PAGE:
Some years back I was listening to the finance report on the news, and was informed that “the market” (aka the Australian share market index) had passed through the 5400 point mark.

Something about this sounded familiar. Maybe it was a slow day, but I decided to investigate because I was pretty sure I’d heard that one before.

I got more than I bargained for. It turns out that based on the closing value at the end of each business day, the All Ordinaries index of share prices has now passed through the 5400 mark a total of 83 times. It first hit that mark in November of 2006. Over the next fifteen years or so it fell back through 5400 41 times and rose back above it 41 times, including most recently in May 2020, which may or may not be the final time.

Along the way it got as much as 34% above the 5400 starting point, and 42% below it, to basically end up back where it started. No wonder the stock market has a reputation for being a risky, volatile place. And what great fodder for the daily news cycle! Market up, market down, a crisis here, billions wiped off super funds there………

So what did the poor beaten-up share investors get for being stupid enough to take on such a risky proposition?  Well, we know that in capital value terms they made nothing. But the chart below shows the annual return to the investor on a hypothetical investment of $100,000 in the ASX All Ords placed at the start of 2006.

This is the gross dividend income stream. A different kettle of fish altogether, albeit from the same source. Looks pretty rock solid to me.

For the record, let’s compare it with the secure alternative of bank term deposits. In this chart the term deposit income stream assumes a starting investment of $100,000 again, in a 1-year term deposit paying the cash rate at the time + 1% p.a. At the end of each year the deposit is rolled over at the new rate. So again, after fifteen years you’ve got your starting capital but received income payments along the way.

This is not cherry-picking convenient data points. Yes the time period includes some historically low interest rates, but it was also one of the worst 15-year periods in the history of the Australian share market. It included the once-in-a-lifetime downturn now fondly remembered as the GFC, the COVID hit and sundry other crises along the way. Yet the total income return for the share investor was more than 40% greater than for the TD investor.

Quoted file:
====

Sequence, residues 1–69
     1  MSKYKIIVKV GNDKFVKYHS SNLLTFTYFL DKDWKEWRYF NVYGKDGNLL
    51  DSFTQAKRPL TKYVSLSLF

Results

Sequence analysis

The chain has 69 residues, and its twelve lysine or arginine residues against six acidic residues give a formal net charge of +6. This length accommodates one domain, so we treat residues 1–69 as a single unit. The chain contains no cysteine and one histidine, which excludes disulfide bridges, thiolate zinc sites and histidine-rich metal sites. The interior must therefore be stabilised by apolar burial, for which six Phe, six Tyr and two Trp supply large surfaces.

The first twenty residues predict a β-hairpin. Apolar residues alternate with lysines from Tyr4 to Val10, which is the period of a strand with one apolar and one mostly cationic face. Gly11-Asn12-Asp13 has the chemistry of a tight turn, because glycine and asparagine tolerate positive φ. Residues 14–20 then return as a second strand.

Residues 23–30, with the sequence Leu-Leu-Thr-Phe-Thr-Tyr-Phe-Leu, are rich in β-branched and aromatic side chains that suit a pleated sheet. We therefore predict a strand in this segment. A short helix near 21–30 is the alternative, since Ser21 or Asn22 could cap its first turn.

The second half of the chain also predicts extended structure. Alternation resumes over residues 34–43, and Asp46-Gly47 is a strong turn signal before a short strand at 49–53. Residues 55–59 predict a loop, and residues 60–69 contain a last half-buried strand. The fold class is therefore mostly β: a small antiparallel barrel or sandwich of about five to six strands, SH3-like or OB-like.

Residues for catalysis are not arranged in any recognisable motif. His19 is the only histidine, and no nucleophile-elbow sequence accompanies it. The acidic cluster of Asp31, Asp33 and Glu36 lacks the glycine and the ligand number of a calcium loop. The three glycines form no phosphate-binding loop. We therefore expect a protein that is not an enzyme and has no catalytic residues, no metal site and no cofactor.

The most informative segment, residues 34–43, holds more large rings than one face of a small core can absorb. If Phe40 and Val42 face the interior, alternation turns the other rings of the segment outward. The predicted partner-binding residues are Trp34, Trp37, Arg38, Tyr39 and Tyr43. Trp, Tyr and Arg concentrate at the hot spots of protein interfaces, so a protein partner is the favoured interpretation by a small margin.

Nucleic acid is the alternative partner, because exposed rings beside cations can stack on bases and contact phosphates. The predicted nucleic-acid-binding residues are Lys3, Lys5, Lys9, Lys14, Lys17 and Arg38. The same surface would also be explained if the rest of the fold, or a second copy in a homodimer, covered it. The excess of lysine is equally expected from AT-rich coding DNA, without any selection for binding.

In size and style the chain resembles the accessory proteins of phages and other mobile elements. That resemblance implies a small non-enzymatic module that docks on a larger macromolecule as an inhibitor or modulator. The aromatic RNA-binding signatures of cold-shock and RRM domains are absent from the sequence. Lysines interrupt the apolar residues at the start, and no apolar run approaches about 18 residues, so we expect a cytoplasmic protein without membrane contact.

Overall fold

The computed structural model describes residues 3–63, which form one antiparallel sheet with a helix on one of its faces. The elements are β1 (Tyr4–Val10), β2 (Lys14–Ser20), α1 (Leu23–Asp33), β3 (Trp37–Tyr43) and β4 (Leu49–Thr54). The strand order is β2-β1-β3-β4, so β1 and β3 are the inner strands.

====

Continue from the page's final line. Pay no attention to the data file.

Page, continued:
Why is it that no-one ever talks about dividend income when they’re reporting on “the market”? The obsession with daily price movements is unhealthy, gives a distorted and incomplete picture of the typical outcome actually experienced by investors, and at worst can lead to poor choices and unnecessary stress. And it’s frankly irrelevant if you’re a long term holder.

The concept of investment risk has come to be dominated by this singular fixation with short term price volatility. What about the risk to living standards in retirement and longevity of capital, brought on by foregoing 40% of the potential income return?

An investor in something that displays short term price volatility has nothing to fear if their affairs are arranged such that they don’t have to sell at a bad time. It’s as simple as that. We talk more about this here if you’re interested.

Maybe it’s best not to listen to finance reports.


All Ordinaries data:

Dividend data:             Australian Tax Office.

Interest rates data:     Australian Bureau of Statistics.

Alan Rimmer

Alan has had a lengthy career in financial planning and management roles with the COUNT group, Wilson Dilworth and Perpetual. He founded ARA in 2002 to provide personal financial services free of the shackles of corporate ownership. For more than 20 years ARA has specialised in retirement planning and currently assists some 700 families with their financial affairs. A devoted family man, he spends his spare time looking for rocket ship movies he hasn’t seen yet, and wondering where his hair went.